Vanadium sulphate or Vanadyl sulfate (VOSO4)

Vanadium [V]: chemical element with atomic number 23; it is an element found in metals, consequently it is used in metallurgy for the production of alloys.

In biology, Vanadium is a constituent of enzymes such as vanadium-nitrogenase, and in various biological systems it seems essential to organic homeostasis.
Some research has shown that the administration of vanadium compounds can relieve the symptoms of diabetes mellitus in a manner comparable to that of chromium. However, it should be remembered that:

  • metallic vanadium is not biologically active
  • the Vanadium ion possesses a potential inhibitor of some phosphatases (in particular: phosphotyrosine-phosphatase or PTPs) and also acts by inhibiting the deactivation of the insulin receptor
  • the peroxy-vanadate ion possesses pro-redox properties.

The efficacy of Vanadium could find application in the treatment of diabetes mellitus, thanks to the peculiar hypoglycemic effect; the specific pharmacological mechanism is based on the optimization of the endogenous insulin action, favored by the increase of tissue sensitivity even at low hormonal levels. On the other hand, the results of the trials are dose-dependent and obtained with high pharmacological concentrations that CANNOT be reached in chronic treatment, due to the TOXIC POTENTIAL of the active ingredient.
To date, the only certainty is that Vanadium does not act globally, but SELECTIVELY optimizing the insulin action, while it is not proven that its metabolic efficacy can depend on an insulin-mimetic mechanism.
There are no RDAs for vanadium and the deficiency has not been described in humans; it is thought to lead to elevated blood triglyceride and cholesterol levels and increase susceptibility to diseases such as heart cancer. A daily intake of 10 - 100 µg is probably sufficient to compensate for the Vanadium requirement.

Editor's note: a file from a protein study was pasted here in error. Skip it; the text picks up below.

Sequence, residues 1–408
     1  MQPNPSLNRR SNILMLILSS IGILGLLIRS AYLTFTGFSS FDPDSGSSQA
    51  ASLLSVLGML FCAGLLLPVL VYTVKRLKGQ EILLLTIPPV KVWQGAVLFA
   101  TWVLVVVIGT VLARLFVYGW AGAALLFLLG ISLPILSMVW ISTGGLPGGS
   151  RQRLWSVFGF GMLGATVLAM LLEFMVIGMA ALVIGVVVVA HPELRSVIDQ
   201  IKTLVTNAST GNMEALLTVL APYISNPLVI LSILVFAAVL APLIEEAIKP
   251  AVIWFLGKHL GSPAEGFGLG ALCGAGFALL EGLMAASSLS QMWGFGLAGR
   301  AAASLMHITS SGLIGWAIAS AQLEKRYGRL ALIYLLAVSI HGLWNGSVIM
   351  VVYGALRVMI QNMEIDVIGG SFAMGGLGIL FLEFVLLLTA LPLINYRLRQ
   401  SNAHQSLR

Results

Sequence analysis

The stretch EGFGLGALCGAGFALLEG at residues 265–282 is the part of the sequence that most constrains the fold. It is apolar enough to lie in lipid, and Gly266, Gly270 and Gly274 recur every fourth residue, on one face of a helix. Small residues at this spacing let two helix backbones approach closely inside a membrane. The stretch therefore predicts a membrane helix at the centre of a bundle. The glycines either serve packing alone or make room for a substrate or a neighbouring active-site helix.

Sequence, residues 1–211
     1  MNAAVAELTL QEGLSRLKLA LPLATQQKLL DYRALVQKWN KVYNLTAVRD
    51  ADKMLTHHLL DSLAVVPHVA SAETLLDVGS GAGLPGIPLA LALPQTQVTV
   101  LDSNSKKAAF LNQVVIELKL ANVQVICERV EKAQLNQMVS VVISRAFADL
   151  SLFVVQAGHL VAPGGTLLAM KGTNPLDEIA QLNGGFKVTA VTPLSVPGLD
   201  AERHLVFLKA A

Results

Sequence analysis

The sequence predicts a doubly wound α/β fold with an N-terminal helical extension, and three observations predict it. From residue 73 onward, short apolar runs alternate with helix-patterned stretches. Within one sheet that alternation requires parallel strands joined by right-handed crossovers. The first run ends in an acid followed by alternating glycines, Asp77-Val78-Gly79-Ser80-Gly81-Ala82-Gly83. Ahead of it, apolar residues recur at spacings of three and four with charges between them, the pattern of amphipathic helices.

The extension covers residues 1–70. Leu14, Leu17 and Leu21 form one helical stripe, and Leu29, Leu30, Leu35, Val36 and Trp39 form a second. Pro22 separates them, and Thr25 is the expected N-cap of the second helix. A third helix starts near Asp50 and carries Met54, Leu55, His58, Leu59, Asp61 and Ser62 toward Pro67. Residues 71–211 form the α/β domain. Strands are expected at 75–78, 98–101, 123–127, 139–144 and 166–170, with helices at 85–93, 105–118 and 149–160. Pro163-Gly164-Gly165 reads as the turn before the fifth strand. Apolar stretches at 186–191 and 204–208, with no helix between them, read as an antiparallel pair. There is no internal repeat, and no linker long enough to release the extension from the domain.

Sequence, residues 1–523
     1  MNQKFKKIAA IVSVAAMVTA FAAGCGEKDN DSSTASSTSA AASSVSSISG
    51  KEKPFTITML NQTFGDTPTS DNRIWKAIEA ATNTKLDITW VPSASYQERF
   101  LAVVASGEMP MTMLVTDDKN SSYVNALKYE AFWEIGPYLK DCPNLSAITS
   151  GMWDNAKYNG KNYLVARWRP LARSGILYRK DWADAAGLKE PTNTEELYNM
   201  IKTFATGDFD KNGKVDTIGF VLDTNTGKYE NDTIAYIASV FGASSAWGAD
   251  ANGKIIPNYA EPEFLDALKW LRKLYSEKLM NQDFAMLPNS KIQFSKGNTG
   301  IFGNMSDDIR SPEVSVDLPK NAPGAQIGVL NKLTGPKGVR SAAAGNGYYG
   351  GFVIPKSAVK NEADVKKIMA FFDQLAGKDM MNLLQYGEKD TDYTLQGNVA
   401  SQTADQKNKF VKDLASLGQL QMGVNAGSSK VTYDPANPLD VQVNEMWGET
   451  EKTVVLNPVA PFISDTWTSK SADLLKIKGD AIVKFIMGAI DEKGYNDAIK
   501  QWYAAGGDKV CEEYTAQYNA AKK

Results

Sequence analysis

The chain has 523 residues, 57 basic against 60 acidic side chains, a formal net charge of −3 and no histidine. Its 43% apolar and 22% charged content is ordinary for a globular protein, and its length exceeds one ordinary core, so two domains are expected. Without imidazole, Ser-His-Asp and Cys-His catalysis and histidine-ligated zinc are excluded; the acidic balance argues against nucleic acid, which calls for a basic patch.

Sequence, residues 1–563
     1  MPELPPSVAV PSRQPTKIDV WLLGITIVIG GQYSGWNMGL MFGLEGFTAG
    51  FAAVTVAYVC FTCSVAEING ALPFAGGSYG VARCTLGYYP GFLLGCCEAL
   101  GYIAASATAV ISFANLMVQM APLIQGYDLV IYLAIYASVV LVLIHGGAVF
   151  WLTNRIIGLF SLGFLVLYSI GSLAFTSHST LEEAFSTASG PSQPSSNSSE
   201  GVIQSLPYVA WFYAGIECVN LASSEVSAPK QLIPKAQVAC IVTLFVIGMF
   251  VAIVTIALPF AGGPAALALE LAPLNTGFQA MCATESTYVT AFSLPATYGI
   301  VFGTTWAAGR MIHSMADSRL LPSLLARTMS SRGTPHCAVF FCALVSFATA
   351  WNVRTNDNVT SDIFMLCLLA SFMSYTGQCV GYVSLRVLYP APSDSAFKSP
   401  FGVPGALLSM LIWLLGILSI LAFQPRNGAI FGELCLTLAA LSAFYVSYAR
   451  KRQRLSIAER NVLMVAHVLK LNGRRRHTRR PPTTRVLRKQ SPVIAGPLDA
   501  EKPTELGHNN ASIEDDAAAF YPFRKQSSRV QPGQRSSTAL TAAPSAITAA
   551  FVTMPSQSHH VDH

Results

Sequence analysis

Vanadium supplements

Vanadium is contained in low concentrations in various foods such as: radishes, wheat, black pepper, dill, parsley and shellfish. Its reduced (but more than sufficient) food availability was promptly exploited by some dietary supplement brands, which marketed it in the form of Vanadylsulfate [VOSO4].

The absorption of supplemental vanadium is poor (less than 5%) and most of it is excreted in the faeces; the vanadium absorbed is excreted in the urine in the form of complexes, both with high and low molecular weight, and a certain quantity can be excreted through the bile.
On the label of some of these over-the-counter products it is indicated that Vanadyl sulfate INCREASES THE PLASMA LEVELS OF INSULIN, consequently increases the physiological anabolic potential, but from what is reported above (therefore in the literature) Vanadium SELECTIVELY facilitates the mechanism of this hormone , with the least (unproven) probability that it also performs some insulin-mimetic function. It can be deduced that the effectiveness declared by the aforementioned companies is completely unjustified.
In the event that the consumer decides to undertake a test cycle based on Vanadylsulfate, he should be AWARE of the fact that:

the positive effects on insulin metabolism, following the administration of Vanadium, are justified by VERY HIGH PHARMACOLOGICAL ADMINISTRATIONS which COULD CAUSE TOXIC SIDE EFFECTS.

Among these possible toxic effects deriving from the reckless supplementation of Vanadium are recognized: nausea, stomach pain, diarrhea, increased cholesterol, liver dysfunction, kidney damage, hypoglycemia, leukopenia, developmental delay and inappetence;
N.B. Insulin-dependent and immune compromised diabetic patients must NOT use Vanadium-based products.

There are also unwanted drug interactions with

  • Warfarin and Coumadin: clotting difficulties
  • Hypoglycemic drugs such as Aspirin and Exubera: increase in the negative effect on glycemic homeostasis.


  • Mechanism of Vanadium action: insulin-mimetic or insulin-enhancing agent? [Can J Physiol Pharmacol 2000 Oct; 78: 829-47]
  • Vanadium and diabetes: pancreatic and peripheral insulinomimetic properties - [Ann Pharm Fr 2000 Oct; 58: 531]
  • Effect of vanadium on regional brain glucose utilization in rats - Marfaing-Jallat P, Penicaud L. [Physiol Behav. 1993 Aug; 54: 407-9]
  • Inhibition of gluconeogenesis by vanadium and metformin in kidney-cortex tubules isolated from control and diabetic rabbits - Kiersztan A et al. - [Biochem Pharmacol. 2002 Apr 1; 63: 1371-82].

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